The enemy at home: Veterans addicted and dying from VA pain pill - 13 WTHR Indianapolis

The enemy at home: Veterans addicted and dying from VA pain pills

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Marine Jeremy Brooking survived a sniper’s bullet in Iraq, but then lost three years of his life to VA-prescribed narcotics. Marine Jeremy Brooking survived a sniper’s bullet in Iraq, but then lost three years of his life to VA-prescribed narcotics.
This is a one-month supply of drugs (approximately 1,300 pills) that Brooking got from VA doctors. This is a one-month supply of drugs (approximately 1,300 pills) that Brooking got from VA doctors.
Former VA doctor Pamela Gray says she witnessed “gross malpractice” resulting from the VA’s pain management policies. Former VA doctor Pamela Gray says she witnessed “gross malpractice” resulting from the VA’s pain management policies.
Army doctors prescribed Lance Pilgrim Oxycontin for a broken finger. He later died from an overdose of pain killers. Army doctors prescribed Lance Pilgrim Oxycontin for a broken finger. He later died from an overdose of pain killers.
Since 2001, prescriptions for narcotics increased dramatically at VA medical centers like this one in Indianapolis. Since 2001, prescriptions for narcotics increased dramatically at VA medical centers like this one in Indianapolis.
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    Military records and independent studies obtained by 13 Investigates show many returning veterans received staggering amounts of powerful narcotics to treat their physical and emotional wounds.More >>
    Military records and independent studies obtained by 13 Investigates show many returning veterans received staggering amounts of powerful narcotics to treat their physical and emotional wounds.More >>
Whistleblowers say military doctors and VA have overprescribed powerful narcotics for more than a decade.

An Eyewitness News investigation shows thousands of US soldiers, airmen, sailors and Marines survived the wars in Iraq and Afghanistan only to be ambushed back home by an unexpected enemy. Military records and independent studies obtained by 13 Investigates show many returning veterans received staggering amounts of powerful narcotics to treat their physical and emotional wounds. Veterans and military insiders are now coming forward to expose the Department of Veterans Affairs’ flawed and dangerous pain management program. They insist that program accidentally killed returning servicemen and destroyed thousands of lives.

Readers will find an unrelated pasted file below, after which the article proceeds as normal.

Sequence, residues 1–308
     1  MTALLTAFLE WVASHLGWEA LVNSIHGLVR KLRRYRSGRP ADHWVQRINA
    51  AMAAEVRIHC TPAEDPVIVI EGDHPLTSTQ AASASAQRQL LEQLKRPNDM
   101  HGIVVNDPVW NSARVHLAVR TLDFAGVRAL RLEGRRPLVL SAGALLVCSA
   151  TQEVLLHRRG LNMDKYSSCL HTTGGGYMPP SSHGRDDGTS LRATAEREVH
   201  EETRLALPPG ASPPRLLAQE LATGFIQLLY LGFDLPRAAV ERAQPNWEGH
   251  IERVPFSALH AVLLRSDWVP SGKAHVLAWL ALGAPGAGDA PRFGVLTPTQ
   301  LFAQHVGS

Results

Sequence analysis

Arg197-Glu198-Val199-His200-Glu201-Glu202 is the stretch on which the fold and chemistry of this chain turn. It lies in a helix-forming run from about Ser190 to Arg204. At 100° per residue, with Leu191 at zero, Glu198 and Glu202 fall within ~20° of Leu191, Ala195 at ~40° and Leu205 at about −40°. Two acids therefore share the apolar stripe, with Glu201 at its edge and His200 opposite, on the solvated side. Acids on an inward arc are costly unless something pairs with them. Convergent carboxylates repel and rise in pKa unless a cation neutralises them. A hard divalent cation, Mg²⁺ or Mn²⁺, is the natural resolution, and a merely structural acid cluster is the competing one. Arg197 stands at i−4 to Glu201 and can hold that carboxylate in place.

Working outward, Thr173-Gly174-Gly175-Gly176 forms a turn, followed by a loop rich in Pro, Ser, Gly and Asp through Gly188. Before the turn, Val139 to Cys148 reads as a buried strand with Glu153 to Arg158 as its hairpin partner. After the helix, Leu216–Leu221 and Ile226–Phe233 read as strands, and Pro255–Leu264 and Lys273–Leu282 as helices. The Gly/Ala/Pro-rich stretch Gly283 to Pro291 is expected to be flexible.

Bob Segall/13 Investigates

INDIANAPOLIS - As a boy growing up in southern Indiana, Jeremy Brooking knew he wanted to serve his country.

"Ever since I was little, I knew that's what I wanted to do. I wanted to be a Marine," he says. "Becoming a Marine, it was a dream come true."

That dream was cut short by an Iraqi sniper.

Barely a year after his graduation from Mitchell High School, the new Marine was on patrol in Fallujah. Brooking was looking for signs of trouble – insurgents planting road-side explosives or suicide bombers – when his observation post came under attack.

"I just heard this pop and flew backwards. I knew I was shot," he told WTHR, looking down towards his chest.

A single armor-piercing round penetrated Brooking's bullet-proof vest and lodged between his heart and his spine. As medics rushed him to surgery, fellow Marines placed an urgent phone call to Brooking's wife and then handed the phone to Jeremy for what was characterized as a final phone call.

"They told me it was really bad," recalls Tia Brooking, unable to hold back tears. "I remember telling him I love him, but I didn't want him to know I knew he probably wasn't going to make it."

He did make it. Despite being pronounced dead twice before surgery, despite suffering a brain injury due to massive blood loss, despite having a bullet lodged millimeters from his heart that doctors believed to be too dangerous to remove, the 19-year-old Marine survived the sniper attack and was sent to Camp Lejeune, NC, to recover.

That's when Brooking discovered a new enemy the military hadn't discussed with him.

"Getting shot was just the beginning. After I got home, that's when the real battle began," he said.

1 Veteran + 1 Year = 15,000 Pills